Body Count: 1

Did the best friend do it? There’s nothing to do, as it were.

Some Mild Peril?

There are some fairly scary bits actually. Elm Street taught us that losing control of something as fundamental as sleep is intrinsically scary. The middle section where Katie decides to stay awake and starts to hallucinate is pretty scary – she sees her face melt off, insects hatch out of her skin, faces at her kitchen window. All pretty effective. It’s a shame Heath himself isn’t more threatening.

Is it any good?

It could have been. Although this plot (evil genie) was done far, far better in The Cheerleader, there was a story to tell about nightmares within the Point Horror range. Where it fails is that Heath is never charming, so it makes no sense for Katie to fall for him in the first instance. The back and forth into the dream world actually becomes quite repetitive and, dare I say, dull. Things definitely pick up in the second half once Heath becomes out and out Krueger like. I wish more had been done with the dream world – it’s a book, Smith, there’s no budget – it doesn’t have to exist on one bloody back porch.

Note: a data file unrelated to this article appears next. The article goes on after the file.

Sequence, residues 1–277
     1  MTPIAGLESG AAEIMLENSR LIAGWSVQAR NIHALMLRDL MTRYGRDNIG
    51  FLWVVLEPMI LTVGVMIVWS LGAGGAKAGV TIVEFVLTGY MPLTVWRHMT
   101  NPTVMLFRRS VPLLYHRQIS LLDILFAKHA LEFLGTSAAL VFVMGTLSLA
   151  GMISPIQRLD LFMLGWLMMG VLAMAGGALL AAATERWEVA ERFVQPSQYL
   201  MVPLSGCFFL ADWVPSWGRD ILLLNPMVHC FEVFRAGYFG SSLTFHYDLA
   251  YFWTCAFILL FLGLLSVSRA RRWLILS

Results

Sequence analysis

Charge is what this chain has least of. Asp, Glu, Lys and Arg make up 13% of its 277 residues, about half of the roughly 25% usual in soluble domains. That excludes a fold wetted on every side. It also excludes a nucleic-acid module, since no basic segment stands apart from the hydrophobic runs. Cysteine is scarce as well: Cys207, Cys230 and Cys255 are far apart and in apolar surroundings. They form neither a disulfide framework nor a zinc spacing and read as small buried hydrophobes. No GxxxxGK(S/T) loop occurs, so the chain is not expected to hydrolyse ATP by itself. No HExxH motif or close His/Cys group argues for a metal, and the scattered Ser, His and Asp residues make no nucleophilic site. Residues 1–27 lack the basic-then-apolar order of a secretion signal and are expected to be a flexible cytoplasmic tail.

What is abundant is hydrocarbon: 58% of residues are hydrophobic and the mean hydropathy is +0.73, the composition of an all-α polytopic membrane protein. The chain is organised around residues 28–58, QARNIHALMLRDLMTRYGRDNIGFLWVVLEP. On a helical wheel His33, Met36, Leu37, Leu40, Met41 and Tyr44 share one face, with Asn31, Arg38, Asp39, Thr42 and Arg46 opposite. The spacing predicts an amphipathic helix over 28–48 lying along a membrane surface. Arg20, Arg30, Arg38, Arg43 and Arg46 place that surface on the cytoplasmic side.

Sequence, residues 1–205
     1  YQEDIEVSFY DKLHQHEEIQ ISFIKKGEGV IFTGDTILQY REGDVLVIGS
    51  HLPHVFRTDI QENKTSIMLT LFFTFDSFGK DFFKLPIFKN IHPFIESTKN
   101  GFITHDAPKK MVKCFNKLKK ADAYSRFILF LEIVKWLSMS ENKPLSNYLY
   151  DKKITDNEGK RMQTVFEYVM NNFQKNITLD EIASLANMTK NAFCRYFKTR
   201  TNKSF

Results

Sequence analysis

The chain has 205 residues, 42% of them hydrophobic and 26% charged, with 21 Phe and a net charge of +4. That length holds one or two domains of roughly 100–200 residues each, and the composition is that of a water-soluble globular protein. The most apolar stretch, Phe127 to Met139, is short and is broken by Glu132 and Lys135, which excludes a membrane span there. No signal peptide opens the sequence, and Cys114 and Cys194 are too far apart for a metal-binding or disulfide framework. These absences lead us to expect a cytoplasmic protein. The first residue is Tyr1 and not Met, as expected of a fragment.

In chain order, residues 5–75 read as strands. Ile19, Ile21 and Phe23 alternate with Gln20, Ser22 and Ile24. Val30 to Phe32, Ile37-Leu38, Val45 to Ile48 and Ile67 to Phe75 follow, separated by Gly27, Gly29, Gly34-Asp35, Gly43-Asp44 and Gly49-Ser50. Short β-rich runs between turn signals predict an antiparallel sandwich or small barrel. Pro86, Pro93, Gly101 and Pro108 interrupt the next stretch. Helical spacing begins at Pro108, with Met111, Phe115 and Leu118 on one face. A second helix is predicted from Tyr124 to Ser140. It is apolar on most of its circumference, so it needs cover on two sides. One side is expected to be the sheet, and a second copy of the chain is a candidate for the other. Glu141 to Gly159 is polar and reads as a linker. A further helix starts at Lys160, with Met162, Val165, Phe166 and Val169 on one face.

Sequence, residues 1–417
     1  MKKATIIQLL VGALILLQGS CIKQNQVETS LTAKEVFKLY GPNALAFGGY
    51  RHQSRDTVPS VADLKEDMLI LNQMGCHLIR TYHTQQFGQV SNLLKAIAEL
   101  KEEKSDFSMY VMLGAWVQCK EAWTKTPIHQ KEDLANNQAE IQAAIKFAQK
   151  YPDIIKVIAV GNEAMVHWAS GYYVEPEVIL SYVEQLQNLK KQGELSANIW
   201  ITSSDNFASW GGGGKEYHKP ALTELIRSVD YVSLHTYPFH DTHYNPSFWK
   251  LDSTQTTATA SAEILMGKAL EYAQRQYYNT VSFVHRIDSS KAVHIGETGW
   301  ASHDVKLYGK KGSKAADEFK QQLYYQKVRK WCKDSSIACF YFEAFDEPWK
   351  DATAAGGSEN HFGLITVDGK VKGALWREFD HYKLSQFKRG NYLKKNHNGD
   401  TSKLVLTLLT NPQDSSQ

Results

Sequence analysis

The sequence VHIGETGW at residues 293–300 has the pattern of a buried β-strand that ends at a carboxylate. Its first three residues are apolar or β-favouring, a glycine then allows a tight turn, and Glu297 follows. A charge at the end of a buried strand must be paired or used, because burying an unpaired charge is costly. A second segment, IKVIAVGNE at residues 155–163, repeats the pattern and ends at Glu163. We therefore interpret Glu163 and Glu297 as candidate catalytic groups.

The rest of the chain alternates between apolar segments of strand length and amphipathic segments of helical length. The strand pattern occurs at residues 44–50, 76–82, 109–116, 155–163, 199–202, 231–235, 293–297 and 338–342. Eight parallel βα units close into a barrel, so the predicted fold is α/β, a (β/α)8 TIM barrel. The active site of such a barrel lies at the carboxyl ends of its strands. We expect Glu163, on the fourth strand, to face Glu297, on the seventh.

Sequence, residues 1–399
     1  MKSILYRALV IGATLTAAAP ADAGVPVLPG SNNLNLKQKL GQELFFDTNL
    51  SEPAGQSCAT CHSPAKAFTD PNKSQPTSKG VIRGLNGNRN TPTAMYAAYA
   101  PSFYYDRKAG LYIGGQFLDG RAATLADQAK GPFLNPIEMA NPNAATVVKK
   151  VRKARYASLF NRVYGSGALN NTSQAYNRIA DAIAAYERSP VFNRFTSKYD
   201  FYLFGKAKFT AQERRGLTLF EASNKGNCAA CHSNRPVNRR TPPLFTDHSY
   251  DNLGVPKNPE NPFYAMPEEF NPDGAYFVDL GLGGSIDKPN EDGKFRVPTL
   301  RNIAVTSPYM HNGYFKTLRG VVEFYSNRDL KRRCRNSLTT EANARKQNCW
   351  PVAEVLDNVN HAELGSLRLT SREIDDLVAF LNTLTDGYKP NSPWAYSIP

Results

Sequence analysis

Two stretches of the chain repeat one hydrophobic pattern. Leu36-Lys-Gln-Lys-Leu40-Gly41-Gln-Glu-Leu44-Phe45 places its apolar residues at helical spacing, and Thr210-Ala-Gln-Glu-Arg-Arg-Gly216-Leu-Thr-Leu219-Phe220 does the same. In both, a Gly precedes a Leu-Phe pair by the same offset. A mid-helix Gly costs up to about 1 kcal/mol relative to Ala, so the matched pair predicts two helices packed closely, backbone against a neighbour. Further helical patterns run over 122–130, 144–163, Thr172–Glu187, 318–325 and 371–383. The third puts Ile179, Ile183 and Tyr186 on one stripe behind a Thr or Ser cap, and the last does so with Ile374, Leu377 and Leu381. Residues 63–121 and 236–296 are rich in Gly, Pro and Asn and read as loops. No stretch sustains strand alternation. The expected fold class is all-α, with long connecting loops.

That said, there’s some nice teen messages in there about abusive relationships (which Katie certainly has with Heath) it’s just not particularly subtle. Snaps also to Smith for toying with a ‘is Katie just plain batshit’ twist at the end.

Finally, I can’t decide if the ambiguity of the ending (what Heath plans to do with the ‘dream energy’) works or not. Even Heath ponders why he doesn’t seek more victims. Why is he tied to just Katie? The house? Her age? Am I overthinking a Point Horror book? Definitely.

41SA3EJ197LNext up, following our first reader poll, you’ve chosen to delve into THE YEARBOOK by Peter Lerangis!

Over to you:

1. What is the significance of the Mexican crisp bowl which is described for no reason?

2. Other than Psycho, which other Hitchcock films do you think Jason brought over?

3. Who’s more high maintenance…Heath or Raquel?

4. How, exactly, did Heath remain in the dreamworld and where did he go?

5. Katie Shaw…innocent victim or delusional fantasist?

5 replies to “PHBC: Dream Date by Sinclair Smith”

  • Bookie Snacksize Says:

    Hehe. My own personal favourite bit of dodgy dialogue was Katie waking up and using the word “discombobulated”. SERIOUSLY? I can barely manage “good morning” even after a cuppa.

    1. I’m going to go with it being a metaphor for Katie’s sanity. Or the author is a Mexican crisp bowl fancier.

    2. Surely Suspicion? What with similar themes with the heroine questioning her sanity. Also Rear Window, because Rear Window is brilliant and Grace Kelly.